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Authentication Protocols

Authentication Protocols

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Authentication Protocols

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  1. When this message is received by the server, the identity of the client is not known Client Server At this point the client knows the identity of the server since it decrypted x ClientID, E(x, CHK) E(x+1, SHK), E(y, SHK) E(y+1, CHK) At this point the server knows the client because it was able to decrypt y E(SK, SHK) A new session key is exchanged so CHK and SHK aren’t as vulnerable to attacks Authentication Protocols CHK, SHK are keys known by both sides • Three-way handshake

  2. Three Way Handshake • Assumes both sides know CHK and SHK • This could correspond to a password • We still need a way to distribute keys assuming the client and server share no keys

  3. A Asks S for a key to communicate with B A proves it knows the encryption key K Forwarded from S S responds encoding the session key K and timestamp T and length of time to expire L A can’t decrypt the second message B Proves it was able to decrypt message from S Kerberos B S shares KA with A, but B does not know KA, A does not know KB S A • Trusted third party (Kerberos) A, B E((T,L,K,B),KA), E((T,L,K,A),KB) E((A,T),K), E((T,L,K,A),KB) E(T+1,K)

  4. Kerberos • K is used like a DES session Key • Key exchange depends on a trusted 3rd party

  5. Public key authentication A B E(x, Public ) B x

  6. Message Integrity Protocols • Digital signature using RSA • special case of a message integrity where the code can only have been generated by one participant • compute signature with private key and verify with public key

  7. Don’t send same text to several destinations Suppose that RSA is used to send a message m to three recipients, who have relatively prime encryption moduli n1, n2, n3. All three recipients use the same encryption exponent e=3, a once-popular choice as it makes encryption very fast. Show that someone who intercepts all three messages c1=m3mod n1, c2=m3mod n2, c3=m3mod n3 can efficiently decipher m. The Chinese remainder theorem implies that you can efficiently find a c such that c= c1mod n1,c= c2mod n2, c= c3mod n3. Assume this and show that it implies c= m3mod n1 n2 n3.

  8. Keyed MD5 • Sender and receiver share key k • sender m + MD5(m + k) • receiver • applies MD5 to the concatenation of random key message • compares result with checksum sent with message • Man-in-the middle can not recompute MD5 because he doesn’t have secret key k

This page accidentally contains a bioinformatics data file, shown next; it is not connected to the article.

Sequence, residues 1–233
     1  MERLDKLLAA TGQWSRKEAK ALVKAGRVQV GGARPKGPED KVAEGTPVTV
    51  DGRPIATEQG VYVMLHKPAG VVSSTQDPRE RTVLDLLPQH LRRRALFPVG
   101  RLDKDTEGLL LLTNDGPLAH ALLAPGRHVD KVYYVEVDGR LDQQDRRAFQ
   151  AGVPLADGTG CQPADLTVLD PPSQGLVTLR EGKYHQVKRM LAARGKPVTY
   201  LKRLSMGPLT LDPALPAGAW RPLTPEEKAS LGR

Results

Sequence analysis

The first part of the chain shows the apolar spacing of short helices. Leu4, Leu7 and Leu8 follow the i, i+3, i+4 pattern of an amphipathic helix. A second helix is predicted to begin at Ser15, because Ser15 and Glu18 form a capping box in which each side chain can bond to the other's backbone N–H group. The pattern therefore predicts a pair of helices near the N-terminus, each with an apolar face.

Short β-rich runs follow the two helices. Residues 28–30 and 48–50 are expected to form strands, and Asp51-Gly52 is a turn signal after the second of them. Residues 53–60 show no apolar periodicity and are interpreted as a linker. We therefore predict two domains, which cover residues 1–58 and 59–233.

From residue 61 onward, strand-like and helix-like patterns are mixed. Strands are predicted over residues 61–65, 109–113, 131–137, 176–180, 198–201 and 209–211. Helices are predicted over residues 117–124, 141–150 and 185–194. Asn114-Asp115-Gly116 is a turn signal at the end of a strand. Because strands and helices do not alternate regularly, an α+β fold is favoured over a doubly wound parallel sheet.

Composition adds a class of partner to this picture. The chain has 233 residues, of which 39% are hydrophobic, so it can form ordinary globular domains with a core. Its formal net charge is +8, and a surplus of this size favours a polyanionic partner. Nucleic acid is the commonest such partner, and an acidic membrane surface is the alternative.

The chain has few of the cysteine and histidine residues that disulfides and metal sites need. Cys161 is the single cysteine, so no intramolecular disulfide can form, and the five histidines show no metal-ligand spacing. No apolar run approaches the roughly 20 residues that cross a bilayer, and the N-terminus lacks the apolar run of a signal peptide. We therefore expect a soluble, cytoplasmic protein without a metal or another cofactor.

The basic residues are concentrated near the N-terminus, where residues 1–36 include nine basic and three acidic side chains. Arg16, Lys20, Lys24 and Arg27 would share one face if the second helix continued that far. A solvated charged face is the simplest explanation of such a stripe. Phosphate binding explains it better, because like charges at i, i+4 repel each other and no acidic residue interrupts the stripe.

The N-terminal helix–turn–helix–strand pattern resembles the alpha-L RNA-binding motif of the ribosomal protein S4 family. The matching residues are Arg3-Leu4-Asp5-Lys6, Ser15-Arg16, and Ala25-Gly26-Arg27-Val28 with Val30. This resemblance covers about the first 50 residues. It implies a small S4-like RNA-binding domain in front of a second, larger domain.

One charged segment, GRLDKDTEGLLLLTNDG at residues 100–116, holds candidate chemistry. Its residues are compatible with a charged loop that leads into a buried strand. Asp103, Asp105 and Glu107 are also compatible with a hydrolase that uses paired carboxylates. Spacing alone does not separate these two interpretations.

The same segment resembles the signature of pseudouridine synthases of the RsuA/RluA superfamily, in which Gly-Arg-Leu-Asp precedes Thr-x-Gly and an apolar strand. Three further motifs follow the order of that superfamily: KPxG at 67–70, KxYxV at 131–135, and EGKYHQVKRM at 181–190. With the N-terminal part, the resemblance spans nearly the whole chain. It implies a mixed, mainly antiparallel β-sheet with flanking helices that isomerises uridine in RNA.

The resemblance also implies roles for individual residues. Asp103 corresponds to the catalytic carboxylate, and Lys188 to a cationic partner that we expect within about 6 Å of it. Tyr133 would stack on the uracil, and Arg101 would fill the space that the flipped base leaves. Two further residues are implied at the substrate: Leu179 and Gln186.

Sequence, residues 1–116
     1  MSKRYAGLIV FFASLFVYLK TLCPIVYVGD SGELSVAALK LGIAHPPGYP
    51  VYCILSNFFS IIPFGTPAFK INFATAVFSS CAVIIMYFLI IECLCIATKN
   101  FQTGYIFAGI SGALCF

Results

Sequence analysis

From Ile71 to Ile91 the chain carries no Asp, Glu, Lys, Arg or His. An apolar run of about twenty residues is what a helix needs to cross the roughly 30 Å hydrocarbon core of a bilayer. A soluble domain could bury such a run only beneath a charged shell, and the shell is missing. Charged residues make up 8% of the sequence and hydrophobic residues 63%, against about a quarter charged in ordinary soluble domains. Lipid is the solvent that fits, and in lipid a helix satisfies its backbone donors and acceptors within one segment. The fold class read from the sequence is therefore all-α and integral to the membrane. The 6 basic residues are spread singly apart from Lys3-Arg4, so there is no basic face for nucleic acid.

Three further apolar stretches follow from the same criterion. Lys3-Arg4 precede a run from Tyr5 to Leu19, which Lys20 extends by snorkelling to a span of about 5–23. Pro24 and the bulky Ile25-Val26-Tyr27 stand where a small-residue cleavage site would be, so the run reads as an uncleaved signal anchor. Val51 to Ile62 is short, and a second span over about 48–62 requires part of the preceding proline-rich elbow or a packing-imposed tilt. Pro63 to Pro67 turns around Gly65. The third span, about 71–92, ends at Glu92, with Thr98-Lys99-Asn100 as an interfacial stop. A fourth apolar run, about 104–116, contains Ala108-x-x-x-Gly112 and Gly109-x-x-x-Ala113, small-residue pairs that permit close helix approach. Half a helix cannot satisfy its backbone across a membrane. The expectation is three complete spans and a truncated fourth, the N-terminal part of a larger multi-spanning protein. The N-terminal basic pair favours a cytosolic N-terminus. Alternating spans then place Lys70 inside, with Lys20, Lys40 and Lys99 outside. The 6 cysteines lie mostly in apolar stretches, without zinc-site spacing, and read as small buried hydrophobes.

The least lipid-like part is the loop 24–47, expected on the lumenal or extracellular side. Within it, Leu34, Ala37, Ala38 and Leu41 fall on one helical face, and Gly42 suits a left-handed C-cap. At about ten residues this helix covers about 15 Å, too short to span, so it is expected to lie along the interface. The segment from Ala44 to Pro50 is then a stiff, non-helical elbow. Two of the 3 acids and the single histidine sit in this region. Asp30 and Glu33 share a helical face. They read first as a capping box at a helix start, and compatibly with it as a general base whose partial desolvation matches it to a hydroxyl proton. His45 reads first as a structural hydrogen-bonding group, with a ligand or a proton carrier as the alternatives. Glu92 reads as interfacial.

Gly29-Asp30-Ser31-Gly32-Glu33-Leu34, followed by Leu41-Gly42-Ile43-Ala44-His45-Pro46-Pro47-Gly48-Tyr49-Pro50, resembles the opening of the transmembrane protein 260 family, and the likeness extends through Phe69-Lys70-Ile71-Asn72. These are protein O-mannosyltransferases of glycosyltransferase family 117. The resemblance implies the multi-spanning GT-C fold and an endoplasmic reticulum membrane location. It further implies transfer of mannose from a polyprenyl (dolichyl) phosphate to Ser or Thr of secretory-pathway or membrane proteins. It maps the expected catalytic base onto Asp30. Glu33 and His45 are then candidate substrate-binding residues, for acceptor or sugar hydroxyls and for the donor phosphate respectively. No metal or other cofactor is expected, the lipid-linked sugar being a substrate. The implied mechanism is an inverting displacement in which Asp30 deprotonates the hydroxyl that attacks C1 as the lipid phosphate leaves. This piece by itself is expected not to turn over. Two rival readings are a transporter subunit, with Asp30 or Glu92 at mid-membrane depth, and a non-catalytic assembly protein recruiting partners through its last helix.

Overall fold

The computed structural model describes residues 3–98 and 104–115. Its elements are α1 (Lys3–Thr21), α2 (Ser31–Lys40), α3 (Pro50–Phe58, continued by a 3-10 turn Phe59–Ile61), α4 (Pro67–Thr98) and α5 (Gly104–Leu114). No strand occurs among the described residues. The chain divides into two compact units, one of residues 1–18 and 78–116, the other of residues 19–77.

9. Keyed MD5 • sender m + MD5(m + k) + E(k, private) • receiver • recovers random key using the sender's public key • applies MD5 to the concatenation of this random key message • compares result with checksum sent with message • Man-in-the middle can intercept k, change message, change checksum, and the receiver wont know

  10. Fixed Keyed MD5 • Sender • m + MD5(m + k) + E(E(k, r-public), s-private) • receiver • recovers random key using the sender's public key and receivers private key • applies MD5 to the concatenation of this random key message • compares result with checksum sent with message • Authenticates sender • Man-in-the middle can not intercept k because it is encrypted with the public key of the receiver • Only works for one receiver

  11. What about this? • Sender • m + MD5(m + k) + E(k, r-public) • receiver • recovers random key using the receivers private key • applies MD5 to the concatenation of this random key message • compares result with checksum sent with message • Man-in-the middle can make up a new key and send it using the receivers public key

  12. Another Keyed MD5 • Sender m + E(MD5(m + k) +k, s-private) • receiver • recovers random key using the sender's public key • applies MD5 to the concatenation of this random key message • compares result with checksum sent with message • Man-in-the middle can not change message because checksum is encrypted with the private key of the sender

  13. MD5 with RSA signature • sender • m + E(MD5(m), s-private) • receiver • decrypts signature with sender's public key • compares result with MD5 checksum sent with message

  14. Certificates CA Certified Entity Register with CA, send client Public Key Albert Levi Albert Levi CA-Publickey and Certificate with RSA(client Public Key,CA-privatekey) Certificate Verifier Decrypt senders public key using CA-publickey Albert Levi

  15. Hierarchical PKI Example RSA(UserPubK,CAPriK) RSA(CAPubK.UCAPriK) RSA(UCAPubK,RootCAPriK)

  16. Create a random secret key k Original message Encrypt message using Decrypt message using DES with secret key k DES with secret key k Encrypt k using RSA with Decrypt E ( k ) using RSA with recipient ’ s public key my private key -> k Encode message + E ( k ) Convert ASCII message in ASCII for transmission T ransmitted message PEM Encryption Illustrated